It’s worth noting Floyd’s 17 1/2 sacks are fifth-most among first-round picks since 2016, behind Joey Bosa (31 1/2), Myles Garrett (29 1/2), DeForest Buckner (24) and T.J. Watt (24). But it’s also worth noting that 71 players have had more sacks than Floyd’s 10 1/2 since the start of the 2017 season. 

Floyd looked to have the makings of a breakout season after that two-sack game against the Packers given he didn’t get his second sack of 2018 until Week 13, and didn’t hit that mark until Week 5 of the 2017 season. The hope was a fast start would spark Floyd to the kind of game-wrecking season worthy of a No. 9 overall pick, right?

That hasn’t happened. Floyd ranks 97th in Pro Football Focus’ pass rushing productivity metric, behind guys like ex-Bear Pernell McPhee and current Bear Aaron Lynch. 

So at this point in Floyd’s fourth season a a pro, it’s time for outside expectations to meet internal expectations for him. 

It’s a shift that can certainly feel disappointing. But the Bears would argue Floyd’s contributions are highly valuable given his ability to do so many different things, from stopping the run to dropping into coverage to affecting the pocket even if he doesn’t get a sack. He’s just not getting the one stat to which everyone pays attention.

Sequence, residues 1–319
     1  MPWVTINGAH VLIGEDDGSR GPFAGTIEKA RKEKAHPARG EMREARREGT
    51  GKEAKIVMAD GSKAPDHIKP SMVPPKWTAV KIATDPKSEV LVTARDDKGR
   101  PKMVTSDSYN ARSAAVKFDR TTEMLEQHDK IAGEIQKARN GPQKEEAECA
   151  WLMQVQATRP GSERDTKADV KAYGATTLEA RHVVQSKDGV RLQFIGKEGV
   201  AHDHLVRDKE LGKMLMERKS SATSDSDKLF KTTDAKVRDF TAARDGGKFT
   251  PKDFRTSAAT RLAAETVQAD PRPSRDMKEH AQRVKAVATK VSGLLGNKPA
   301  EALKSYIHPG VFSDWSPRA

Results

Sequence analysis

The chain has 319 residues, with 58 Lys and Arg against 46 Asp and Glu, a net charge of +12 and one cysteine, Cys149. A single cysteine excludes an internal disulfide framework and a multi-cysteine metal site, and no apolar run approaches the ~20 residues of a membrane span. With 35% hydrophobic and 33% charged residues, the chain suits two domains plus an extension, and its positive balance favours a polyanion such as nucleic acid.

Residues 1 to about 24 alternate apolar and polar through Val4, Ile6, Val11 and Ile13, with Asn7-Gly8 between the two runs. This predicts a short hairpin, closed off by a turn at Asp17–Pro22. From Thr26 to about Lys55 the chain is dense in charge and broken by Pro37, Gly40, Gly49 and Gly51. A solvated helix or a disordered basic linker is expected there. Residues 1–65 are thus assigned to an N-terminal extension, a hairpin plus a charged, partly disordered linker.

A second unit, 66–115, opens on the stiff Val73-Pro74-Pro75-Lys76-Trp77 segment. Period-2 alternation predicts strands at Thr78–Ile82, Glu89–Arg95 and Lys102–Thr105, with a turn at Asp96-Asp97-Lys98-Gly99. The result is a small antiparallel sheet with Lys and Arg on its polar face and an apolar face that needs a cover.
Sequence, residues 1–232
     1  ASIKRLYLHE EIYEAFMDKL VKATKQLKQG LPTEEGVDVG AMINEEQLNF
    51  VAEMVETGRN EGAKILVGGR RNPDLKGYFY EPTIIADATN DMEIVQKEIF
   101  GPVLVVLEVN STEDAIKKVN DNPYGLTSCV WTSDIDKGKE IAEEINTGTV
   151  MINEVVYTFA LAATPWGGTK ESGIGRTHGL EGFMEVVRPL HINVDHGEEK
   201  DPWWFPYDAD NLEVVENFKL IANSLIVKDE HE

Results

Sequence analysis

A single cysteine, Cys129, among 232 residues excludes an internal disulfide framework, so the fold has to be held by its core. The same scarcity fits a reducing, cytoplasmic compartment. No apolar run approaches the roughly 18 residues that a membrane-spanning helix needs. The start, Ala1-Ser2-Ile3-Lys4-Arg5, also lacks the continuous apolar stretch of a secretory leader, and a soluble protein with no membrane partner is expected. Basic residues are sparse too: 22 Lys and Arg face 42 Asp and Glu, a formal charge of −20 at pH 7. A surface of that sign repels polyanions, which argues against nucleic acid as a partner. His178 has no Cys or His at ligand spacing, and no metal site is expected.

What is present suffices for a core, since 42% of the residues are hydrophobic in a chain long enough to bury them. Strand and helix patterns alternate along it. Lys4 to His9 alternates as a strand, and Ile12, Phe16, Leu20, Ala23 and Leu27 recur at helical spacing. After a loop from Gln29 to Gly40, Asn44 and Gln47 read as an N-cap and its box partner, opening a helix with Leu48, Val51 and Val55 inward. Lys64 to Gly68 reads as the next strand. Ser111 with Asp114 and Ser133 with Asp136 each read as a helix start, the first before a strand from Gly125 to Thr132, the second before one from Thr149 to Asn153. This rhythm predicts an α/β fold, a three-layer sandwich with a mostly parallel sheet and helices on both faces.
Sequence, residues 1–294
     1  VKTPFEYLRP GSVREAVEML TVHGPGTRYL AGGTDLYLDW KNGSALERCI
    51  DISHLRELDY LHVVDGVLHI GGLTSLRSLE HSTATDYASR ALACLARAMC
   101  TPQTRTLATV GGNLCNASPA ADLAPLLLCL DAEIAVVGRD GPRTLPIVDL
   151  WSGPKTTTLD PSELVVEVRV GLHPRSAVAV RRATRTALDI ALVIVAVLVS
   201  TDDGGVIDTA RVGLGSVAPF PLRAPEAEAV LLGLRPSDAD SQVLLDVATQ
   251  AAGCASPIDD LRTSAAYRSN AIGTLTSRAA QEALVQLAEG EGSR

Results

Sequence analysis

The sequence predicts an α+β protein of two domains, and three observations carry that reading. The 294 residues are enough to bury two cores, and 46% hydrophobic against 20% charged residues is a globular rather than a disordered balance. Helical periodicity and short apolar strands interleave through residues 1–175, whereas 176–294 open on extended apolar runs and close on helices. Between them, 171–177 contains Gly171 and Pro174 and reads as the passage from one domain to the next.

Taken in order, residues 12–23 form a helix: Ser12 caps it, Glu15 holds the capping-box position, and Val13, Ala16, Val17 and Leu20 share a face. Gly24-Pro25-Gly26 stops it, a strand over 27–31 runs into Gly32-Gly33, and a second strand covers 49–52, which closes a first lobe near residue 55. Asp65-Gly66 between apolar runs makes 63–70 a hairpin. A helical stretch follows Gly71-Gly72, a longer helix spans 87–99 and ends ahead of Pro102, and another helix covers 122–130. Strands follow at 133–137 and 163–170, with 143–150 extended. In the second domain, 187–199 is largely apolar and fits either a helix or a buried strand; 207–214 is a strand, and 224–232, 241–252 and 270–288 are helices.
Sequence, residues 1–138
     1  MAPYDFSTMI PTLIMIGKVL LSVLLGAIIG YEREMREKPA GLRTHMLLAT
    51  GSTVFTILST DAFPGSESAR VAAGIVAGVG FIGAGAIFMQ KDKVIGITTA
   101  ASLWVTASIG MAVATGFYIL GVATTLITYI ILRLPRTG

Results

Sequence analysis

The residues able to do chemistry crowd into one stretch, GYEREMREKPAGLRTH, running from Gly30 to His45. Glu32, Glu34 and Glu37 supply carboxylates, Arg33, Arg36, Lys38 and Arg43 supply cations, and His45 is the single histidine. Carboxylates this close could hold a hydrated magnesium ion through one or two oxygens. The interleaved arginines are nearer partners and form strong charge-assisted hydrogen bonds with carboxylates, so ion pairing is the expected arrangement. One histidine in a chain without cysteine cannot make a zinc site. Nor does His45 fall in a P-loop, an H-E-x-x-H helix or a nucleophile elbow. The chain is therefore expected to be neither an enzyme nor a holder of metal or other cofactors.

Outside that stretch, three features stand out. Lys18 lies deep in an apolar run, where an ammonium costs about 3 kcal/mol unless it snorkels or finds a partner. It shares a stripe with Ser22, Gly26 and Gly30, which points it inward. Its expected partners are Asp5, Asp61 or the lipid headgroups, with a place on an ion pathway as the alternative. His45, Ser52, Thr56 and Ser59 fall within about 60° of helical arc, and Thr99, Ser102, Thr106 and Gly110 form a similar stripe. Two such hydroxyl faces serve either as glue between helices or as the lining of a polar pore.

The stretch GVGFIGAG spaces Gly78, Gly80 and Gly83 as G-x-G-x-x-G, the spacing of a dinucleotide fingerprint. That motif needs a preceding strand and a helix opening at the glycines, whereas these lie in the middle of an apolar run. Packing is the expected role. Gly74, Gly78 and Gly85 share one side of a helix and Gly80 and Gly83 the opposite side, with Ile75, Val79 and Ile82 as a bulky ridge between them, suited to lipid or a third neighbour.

“He’s still impacting the game,” defensive coordinator Chuck Pagano said. “… The sacks or whatever, those haven’t been there of late. He’s great. He plays extremely hard. He does his job every single down. That’ll come. So he’s not going to press. I’ve got to do a better job of trying to get those guys in position to make those plays.”

The lack of sacks aren’t anything new for Floyd, too. He had 17 in three years at Georgia, and only had 4 1/2 his final season in Athens. And what general manager Ryan Pace said in 2016 after drafting Floyd sounds a lot like what Monachino and Pagano are saying about him now.